Today, I go to Tian'anmen Square and the Forbidden City. It's hotter than Hades today so I am going to take the metro-train instead of walking. Should be an experience. I'll try my best to get today's activities posted tonight. More likely, I will do so tomorrow due to how long it takes to upload pictures.

permalink written by  akstoltzy on May 24, 2010 from Beijing, China
from the travel blog: China
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Whare Am I?

Beijing, China

I am lost! I am hot. I am sunburn. I am thirsty. I am sweating like a water fountain. No one speaks my language! As a man, I refused for a time to ask for directions. It didn't matter. NO ONE SPEAKS English! Frustrating but a good learning moment. I'm having some tea and am cooling down and then I will walk into the next hotel or bank where I know they have someone that speaks EEnglish. You are all sleeping so hopefully I will be back by the time you wake up! I'm exaggerating a little of course as I am prone to do but I AM lost, I AM hot, and I AM enjoying it completely. This city of 16-19 million people is fascinating.
I'll post tonight my visit to Tian'amen Square, The Forbidden City, and The White Pagoda within Beihai Lake. Pretty cool!
More Later!

permalink written by  akstoltzy on May 25, 2010 from Beijing, China
from the travel blog: China
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Tian'amen Square

Beijing, China

Went to Tian'amen Square yesterday. Took the metro train which was very covenient. One ticket is 1 Yuan or about 15 cents. I had to take Train #5 to Wondong and then transfer to Train #1. No transfers needed if you stay within the metro stations. Anyway, it was hot as hell yesterday. About 92 if my conversion is right. Humid, no wind. Today I am a bit sunburned since I walked forever yesterday. More on that later.

The above picture is from within the square itself. The building is the National Chinese Museum. Didn't go inside because I wanted to do other things. When I return to Beijing next month, I will go inside the museum as well as Mao's Memorial Museum that has his embalmed body. There are no bags allowed inside and I had my backpack so I wasn't allowed in.

Below is where the government offices are mostly located. I think Hillary and Geitner are inside as I type this discussing trade and commerce.

Here I am standing in front of the People's Monument:

I don't know if you can read the inscription
but when it was finally completed in '58, it was at the time the largest monument in all of China. Don't know if it still is or not. Took 6 or so years to build. Here's another shot from the front:

I haven't screened the pics so hopefully they are clear enough.

From Tian'amen Square, you can look across the street to see the Forbidden City. Here's a shot from across the street:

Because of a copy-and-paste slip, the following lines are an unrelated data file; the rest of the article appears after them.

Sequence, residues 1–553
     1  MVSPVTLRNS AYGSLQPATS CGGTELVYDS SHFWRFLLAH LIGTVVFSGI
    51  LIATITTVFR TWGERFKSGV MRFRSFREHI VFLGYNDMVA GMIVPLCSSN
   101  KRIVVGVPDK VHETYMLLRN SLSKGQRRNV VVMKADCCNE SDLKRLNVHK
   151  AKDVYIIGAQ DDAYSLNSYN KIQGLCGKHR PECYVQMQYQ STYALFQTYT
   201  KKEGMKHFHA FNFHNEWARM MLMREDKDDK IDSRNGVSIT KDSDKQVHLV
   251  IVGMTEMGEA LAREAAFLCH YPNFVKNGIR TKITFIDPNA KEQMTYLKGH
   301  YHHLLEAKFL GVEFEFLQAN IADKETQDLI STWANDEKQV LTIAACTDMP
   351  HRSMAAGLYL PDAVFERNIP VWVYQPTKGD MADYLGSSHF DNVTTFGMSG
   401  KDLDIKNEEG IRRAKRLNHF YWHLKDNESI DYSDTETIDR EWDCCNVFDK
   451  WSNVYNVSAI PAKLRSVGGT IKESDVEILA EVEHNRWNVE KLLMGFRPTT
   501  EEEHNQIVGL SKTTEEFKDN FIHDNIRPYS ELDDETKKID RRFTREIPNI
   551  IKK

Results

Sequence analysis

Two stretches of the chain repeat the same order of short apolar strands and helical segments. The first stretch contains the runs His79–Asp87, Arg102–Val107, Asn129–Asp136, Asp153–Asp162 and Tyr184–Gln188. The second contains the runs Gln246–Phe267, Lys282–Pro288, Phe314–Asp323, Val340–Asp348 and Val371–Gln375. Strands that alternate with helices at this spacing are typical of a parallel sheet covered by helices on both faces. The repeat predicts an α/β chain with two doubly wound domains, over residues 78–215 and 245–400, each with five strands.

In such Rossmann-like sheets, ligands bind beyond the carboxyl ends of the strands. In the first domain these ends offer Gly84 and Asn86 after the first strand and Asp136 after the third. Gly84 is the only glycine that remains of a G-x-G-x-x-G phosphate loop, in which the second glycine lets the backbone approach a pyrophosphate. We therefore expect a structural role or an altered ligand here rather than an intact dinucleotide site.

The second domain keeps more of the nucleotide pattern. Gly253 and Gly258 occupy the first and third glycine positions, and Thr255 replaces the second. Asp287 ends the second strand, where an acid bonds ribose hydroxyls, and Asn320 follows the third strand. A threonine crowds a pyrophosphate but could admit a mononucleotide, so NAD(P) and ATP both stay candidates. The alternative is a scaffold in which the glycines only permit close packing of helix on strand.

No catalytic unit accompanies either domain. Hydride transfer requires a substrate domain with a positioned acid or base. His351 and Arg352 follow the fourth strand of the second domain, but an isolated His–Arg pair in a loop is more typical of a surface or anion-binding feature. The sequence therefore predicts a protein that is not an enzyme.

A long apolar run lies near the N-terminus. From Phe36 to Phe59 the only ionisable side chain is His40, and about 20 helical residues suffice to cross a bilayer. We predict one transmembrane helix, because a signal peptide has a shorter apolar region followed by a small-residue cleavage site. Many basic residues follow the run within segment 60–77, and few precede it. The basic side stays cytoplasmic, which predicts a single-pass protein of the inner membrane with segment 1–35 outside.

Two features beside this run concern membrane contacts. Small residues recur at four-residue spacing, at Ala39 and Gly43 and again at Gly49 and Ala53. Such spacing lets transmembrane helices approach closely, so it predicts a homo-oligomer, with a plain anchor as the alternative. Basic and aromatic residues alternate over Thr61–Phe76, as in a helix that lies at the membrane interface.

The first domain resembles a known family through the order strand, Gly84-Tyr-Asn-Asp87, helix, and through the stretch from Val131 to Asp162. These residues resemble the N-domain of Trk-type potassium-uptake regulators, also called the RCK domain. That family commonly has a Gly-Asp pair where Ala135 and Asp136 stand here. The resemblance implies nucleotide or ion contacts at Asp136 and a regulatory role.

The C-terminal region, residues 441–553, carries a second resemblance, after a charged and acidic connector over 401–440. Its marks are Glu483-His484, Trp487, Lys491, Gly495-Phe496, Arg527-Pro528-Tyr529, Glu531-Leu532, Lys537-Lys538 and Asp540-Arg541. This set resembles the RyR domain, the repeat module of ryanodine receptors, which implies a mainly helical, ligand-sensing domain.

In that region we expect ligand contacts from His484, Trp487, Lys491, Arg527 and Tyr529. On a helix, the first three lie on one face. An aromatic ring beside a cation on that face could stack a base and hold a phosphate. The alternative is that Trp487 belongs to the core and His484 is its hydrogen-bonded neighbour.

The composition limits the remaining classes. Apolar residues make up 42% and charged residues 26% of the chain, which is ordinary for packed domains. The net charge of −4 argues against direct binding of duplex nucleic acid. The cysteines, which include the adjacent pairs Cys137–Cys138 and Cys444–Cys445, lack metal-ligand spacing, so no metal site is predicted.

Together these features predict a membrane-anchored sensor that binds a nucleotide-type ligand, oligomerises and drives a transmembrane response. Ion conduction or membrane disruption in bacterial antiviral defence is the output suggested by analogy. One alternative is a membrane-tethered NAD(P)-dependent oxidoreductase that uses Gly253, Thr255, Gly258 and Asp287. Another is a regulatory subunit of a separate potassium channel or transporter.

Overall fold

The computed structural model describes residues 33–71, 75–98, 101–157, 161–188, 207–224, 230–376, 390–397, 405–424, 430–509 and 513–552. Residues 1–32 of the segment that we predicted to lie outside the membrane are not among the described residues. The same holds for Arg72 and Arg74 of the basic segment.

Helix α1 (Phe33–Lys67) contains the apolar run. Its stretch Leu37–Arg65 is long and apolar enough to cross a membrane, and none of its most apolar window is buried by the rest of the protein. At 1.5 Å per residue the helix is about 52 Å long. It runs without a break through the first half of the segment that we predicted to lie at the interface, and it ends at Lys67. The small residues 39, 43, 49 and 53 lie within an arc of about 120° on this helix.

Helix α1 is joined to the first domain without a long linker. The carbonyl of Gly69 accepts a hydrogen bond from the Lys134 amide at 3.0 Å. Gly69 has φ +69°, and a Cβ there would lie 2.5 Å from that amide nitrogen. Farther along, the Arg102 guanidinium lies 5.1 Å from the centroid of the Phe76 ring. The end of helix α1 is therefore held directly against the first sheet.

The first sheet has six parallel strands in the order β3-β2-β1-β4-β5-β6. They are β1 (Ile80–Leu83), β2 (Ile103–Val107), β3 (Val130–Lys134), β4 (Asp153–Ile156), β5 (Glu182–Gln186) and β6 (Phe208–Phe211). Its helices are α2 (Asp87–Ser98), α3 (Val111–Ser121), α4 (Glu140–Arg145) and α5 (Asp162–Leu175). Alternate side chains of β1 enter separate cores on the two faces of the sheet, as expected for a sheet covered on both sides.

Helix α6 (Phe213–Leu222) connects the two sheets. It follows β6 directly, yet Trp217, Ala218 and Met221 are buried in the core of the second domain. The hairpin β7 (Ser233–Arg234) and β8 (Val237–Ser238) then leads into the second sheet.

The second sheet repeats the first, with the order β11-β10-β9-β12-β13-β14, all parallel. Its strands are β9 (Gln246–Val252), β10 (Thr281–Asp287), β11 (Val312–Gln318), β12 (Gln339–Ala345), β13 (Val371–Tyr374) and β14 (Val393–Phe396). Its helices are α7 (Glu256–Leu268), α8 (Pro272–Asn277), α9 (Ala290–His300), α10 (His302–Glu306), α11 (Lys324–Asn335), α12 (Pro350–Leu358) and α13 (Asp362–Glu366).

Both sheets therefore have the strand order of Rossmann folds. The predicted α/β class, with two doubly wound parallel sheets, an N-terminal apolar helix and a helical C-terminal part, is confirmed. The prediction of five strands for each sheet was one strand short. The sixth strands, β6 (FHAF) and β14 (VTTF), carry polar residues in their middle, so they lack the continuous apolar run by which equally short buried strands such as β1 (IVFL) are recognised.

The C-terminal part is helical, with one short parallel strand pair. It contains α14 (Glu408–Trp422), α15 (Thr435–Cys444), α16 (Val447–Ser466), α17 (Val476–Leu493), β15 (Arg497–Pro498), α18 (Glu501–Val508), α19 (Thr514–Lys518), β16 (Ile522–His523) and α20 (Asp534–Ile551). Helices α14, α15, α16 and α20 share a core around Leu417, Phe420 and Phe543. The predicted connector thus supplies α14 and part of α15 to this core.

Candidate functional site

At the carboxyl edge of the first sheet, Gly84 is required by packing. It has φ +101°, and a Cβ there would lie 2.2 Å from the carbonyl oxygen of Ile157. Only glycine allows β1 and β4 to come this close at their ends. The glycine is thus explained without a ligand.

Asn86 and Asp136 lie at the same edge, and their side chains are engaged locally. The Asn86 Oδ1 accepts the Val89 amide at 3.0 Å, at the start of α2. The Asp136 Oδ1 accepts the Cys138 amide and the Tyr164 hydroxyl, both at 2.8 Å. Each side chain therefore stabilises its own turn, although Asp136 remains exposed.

When the military would have their parades, Mao would be seated above his picture. To the right and left (I didn't take pictures) are many boxes where the other government officials and dignitaries would be seated. Today, they still have parades (I think they are on Oct 1 every year to celebrate when Mao came into power in 1949) and so the street is closed off to traffic and the military marches in front of the building.

The picture below is of the White Pagoda:

It is located about two miles away from the Forbidden City in a beautiful area called Beihai (Bay Hi) Park. The pagoda represents a monument built by one of the dynasties way back when.

This next picture is of a monument built for one of the dynasties:

Here is it's description:

After I left this park is when the real odyssey began. The map I have is not to scale and so with some bends in the roads I was following I ended up doing two 360 degree walks, each of which was approximately 2 miles. I was so disappointed when at the end of each one I found myself to be one block further east then when I had started. The blog I left last night was at the end of my second 360.

I eventually made it back to the hostel at about 5:30. When I got back here, I ate and talked with some folks I have met here. Here's the picture:

I can't see the picture clearly but from left to right is:
some guy from Germany that doesn't speak english, a guy named Matt (greenish/blue shirt) from some english speaking country (can't remember), Wilhelm (the other German's cousin who DOES speak english), some nut bag from New York named Nickie (black outfit), Gaya from Israel (blue in foreground)´╝îNatalie in the back from France (she left for Dubai this morning), and then Andrew from Australia. Natalie and I talked about her travels (she's been traveling for 10 months) which was fascinating. Malaysia, New Zealand, London, Mongolia (where Gaya and her boyfriend Ben are leaving for today), Thailand, Singapore, Vietnam, and Tibet. I'm sure I left off a few places. What an adventure she has had.

The gal at the bar is Christina. She has been teaching me Chinese and I have been teaching her American Sign Language. She's a much faster learner than I!

So now, I will not post any more until Friday (Thursday your time). I leave in a little while for Hong Kong/Shenzhen. I'll take a 'T' train which is quite fast. Nevertheless, it will take 23 hours to get there. I have the top bunk in a hard sleeper. Hard just means a thinner matress and more bunk-mates. There will be 6 in my cabin. Who knows who they will be but I'll find out shortly. I'll take pics of the train, the ride, and then the hostel where I will be staying. I don't get in until 7:40 tomorrow night so if I am not beat, I'll download, with luck, pics and try and blog. I'll be checking email, too, so you can always write there as well if you don't want to leave comments here.

I'm doing great! My feet are a bit sore from walking so far yesterday in some pretty lusy sandals but all in all I am great.

Until tomorrow....

permalink written by  akstoltzy on May 25, 2010 from Beijing, China
from the travel blog: China